I took this photo a couple of years ago at the Oklahoma City Red Earth Festival. I shot it both with digital color and black and white film. When I shot it I scanned it and used Photoshop to clip out the background, but for my 4x5x365 project I thought I would scan it in showing the entire frame. I believe this guy said he was a Sioux warrior from North Dakota. If you have never been to a Native American festival, you really should go. They are quite a visual treat. But don’t call their outfits “costumes”. They are not costumes. Not even close. Costumes connotates fake and these are anything but fake. These are clothes their ancestors wore and the people are trying to keep their customs and traditions alive. Use the words “clothing” or “regalia”. A much better term.
Yesterday I posted digital images of Micha that I had converted to black and white. Today I post actual film images shot on black and white film – either Kodak TMAX-100 or Ilford HP5. I used bothy my Toyo VRX-125 studio view camera and my Pentax 6×7. To me, there is a distinctly different “feel” to black and white film images. Digital photos are “perfect” while there are plenty of very minor flaws in film. I have tried replicating the film look with digital, but film is way to organic in my opinion to easily replicate with a digital process. Again, we shot some of these photos in studio and others on location throughout Edmond and Guthrie.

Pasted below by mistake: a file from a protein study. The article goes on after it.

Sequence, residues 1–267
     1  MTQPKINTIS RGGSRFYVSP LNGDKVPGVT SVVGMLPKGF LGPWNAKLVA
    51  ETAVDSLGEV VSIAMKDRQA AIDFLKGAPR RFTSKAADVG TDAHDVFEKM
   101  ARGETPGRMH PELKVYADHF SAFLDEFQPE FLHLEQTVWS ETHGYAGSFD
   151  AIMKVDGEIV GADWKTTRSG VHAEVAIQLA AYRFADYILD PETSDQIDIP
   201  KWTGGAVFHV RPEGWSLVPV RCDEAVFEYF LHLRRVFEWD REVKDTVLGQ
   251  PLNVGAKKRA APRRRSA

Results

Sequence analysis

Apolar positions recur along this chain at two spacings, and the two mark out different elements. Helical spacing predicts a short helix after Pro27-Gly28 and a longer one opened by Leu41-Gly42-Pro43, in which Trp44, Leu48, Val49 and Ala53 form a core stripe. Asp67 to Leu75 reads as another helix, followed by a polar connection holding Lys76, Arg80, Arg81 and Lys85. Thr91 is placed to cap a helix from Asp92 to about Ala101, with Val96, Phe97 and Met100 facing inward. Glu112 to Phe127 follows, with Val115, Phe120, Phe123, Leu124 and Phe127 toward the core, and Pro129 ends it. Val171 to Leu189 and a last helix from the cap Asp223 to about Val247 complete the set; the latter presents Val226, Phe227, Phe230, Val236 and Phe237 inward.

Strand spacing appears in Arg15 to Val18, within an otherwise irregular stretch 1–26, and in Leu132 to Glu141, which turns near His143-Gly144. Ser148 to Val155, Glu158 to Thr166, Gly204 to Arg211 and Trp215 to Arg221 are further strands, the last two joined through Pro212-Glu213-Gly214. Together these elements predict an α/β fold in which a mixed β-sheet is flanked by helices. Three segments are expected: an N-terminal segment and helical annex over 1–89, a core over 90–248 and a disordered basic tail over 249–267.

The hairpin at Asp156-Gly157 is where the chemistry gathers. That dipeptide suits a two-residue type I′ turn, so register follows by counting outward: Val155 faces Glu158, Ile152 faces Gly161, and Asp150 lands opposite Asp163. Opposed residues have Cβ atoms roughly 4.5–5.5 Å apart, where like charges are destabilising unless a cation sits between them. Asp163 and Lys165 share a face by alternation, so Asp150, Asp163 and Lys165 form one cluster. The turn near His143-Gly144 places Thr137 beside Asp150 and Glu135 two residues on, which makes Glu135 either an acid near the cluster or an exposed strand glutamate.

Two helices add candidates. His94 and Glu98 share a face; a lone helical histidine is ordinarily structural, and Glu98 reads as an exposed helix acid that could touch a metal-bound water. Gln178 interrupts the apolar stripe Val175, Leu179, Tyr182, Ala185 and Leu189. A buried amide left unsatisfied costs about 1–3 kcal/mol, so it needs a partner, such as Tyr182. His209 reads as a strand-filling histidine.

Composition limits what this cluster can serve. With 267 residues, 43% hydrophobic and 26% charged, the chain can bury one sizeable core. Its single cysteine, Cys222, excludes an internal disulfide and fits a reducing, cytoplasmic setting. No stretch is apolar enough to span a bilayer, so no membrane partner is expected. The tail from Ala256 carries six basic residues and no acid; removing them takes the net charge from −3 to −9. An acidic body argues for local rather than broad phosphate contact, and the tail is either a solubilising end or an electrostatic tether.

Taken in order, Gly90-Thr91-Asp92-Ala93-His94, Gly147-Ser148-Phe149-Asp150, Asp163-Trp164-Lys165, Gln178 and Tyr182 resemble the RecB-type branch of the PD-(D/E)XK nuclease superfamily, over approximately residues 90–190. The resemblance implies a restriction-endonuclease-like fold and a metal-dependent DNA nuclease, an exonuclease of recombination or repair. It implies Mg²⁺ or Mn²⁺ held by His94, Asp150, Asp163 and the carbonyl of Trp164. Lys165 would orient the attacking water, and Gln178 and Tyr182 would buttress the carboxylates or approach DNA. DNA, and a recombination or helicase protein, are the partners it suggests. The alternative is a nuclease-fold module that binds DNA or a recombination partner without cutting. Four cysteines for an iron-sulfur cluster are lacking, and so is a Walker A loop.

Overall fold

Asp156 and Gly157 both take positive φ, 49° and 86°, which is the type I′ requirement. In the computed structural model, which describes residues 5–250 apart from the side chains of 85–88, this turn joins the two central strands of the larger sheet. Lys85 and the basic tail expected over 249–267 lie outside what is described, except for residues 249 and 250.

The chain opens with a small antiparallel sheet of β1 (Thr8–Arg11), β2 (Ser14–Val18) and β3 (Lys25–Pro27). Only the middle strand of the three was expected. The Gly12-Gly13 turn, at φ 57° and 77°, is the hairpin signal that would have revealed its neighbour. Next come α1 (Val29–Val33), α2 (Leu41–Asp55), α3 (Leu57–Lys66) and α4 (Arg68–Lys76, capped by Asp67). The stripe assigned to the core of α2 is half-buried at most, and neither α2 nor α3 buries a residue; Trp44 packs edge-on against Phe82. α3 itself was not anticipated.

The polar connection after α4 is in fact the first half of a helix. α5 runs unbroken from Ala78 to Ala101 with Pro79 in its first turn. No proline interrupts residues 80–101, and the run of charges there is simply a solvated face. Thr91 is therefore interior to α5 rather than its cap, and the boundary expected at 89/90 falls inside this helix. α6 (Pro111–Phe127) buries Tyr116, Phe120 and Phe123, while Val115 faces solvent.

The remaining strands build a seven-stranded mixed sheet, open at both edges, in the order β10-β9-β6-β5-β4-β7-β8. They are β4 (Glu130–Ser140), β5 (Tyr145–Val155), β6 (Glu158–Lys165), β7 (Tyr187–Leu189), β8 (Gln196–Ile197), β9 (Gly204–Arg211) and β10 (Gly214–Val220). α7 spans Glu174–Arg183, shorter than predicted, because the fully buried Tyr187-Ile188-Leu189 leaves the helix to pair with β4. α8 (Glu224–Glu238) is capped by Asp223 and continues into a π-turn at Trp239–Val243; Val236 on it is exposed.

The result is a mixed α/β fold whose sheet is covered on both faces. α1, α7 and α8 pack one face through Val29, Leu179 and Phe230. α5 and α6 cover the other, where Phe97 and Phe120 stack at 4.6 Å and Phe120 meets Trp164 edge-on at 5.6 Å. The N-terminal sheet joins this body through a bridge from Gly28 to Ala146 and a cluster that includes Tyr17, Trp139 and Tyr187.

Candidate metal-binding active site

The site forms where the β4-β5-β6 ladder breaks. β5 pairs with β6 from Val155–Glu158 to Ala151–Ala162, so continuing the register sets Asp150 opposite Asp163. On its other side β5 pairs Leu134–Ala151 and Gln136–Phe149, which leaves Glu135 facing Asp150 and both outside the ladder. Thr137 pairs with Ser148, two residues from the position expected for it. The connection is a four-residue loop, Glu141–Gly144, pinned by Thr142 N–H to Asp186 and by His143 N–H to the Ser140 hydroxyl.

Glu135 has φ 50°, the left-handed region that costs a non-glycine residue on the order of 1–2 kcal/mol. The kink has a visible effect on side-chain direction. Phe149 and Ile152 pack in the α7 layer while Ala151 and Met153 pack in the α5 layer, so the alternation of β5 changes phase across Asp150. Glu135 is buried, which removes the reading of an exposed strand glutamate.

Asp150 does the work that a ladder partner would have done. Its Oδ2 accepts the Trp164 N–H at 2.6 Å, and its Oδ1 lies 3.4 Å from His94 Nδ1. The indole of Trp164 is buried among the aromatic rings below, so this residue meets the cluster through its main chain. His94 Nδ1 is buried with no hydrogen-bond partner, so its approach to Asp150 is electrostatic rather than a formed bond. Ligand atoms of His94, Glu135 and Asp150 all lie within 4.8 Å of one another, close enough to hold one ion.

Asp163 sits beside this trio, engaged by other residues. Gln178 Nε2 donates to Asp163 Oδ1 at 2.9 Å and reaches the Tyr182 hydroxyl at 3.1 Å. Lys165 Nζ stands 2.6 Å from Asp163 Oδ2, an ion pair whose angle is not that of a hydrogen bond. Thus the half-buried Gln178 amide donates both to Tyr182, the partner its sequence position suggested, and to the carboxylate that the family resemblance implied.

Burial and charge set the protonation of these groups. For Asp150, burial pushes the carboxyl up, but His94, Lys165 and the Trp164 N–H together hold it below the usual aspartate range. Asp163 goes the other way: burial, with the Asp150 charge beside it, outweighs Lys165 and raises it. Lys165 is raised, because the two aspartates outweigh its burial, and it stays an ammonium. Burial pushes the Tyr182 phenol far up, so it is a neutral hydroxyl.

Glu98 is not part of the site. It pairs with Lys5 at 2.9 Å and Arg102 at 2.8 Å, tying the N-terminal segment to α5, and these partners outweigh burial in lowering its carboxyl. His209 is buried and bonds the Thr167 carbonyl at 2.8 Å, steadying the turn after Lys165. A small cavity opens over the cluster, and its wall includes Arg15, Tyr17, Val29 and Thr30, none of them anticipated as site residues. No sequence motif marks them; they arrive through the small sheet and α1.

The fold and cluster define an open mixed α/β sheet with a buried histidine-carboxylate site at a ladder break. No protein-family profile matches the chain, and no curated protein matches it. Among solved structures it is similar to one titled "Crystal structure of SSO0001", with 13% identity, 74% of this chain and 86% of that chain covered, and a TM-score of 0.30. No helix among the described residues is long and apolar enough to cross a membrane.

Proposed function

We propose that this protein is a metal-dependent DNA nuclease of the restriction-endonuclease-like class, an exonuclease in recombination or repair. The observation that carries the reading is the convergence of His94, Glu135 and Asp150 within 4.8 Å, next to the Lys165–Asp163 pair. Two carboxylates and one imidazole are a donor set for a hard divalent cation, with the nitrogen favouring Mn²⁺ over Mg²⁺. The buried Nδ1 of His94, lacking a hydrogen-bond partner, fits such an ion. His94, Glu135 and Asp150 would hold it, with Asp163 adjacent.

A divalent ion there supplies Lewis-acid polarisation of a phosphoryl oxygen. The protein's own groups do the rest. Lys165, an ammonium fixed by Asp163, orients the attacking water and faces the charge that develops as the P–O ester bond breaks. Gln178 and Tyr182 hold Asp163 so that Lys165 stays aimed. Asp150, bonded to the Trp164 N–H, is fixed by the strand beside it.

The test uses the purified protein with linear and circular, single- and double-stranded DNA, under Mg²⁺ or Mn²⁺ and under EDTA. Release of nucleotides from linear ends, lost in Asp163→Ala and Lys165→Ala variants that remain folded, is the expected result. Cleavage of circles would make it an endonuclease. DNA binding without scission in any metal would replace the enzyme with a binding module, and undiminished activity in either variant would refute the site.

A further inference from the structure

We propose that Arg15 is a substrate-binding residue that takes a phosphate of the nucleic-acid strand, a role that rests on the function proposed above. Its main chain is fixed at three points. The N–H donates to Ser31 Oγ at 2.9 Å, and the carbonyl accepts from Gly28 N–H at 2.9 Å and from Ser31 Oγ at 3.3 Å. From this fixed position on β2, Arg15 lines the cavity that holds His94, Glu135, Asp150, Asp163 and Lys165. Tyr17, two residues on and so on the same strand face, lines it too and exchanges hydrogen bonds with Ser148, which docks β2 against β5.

“Are you crazy!!”
I got this question a lot while at Tulsa Raceway this past weekend, toting around my giant Toyo VRX-125 4″x5″ view camera. I was there with my client Tombo Racing and shot several digital images for them, but also wanted to get some old time black and white images show on film. I brought both my 4×5 and my Pentax 6×7 film cameras. The 6×7 was pretty easy – it handles like my DSLR’s and has a great viewfinder for manual focusing (more pictures from it later). However, I also wanted some pictures from my 4×5 of this high octane sport.
This was not an easy task.
My Toyo must be mounted on a tripod to shoot. Some older 4×5 like the Speed Graphic are designed to make it easier to shoot sports. They can be hand held and come with an external “finder” and focusing grid. For my Toyo, I have to focus by looking at the ground glass and once I load film, no more focusing. So I was having to basically pre-focus and guess where the car or bike would be. I tried several different vantage points to get the shot and exposed 10 sheets of film total. However, only 2 shots actually turned out and with these I missed focus by a hair. I had some trouble developing the negatives so that cost me about 6 shots, and the remaining pictures were either out of focus completely or improperly exposed.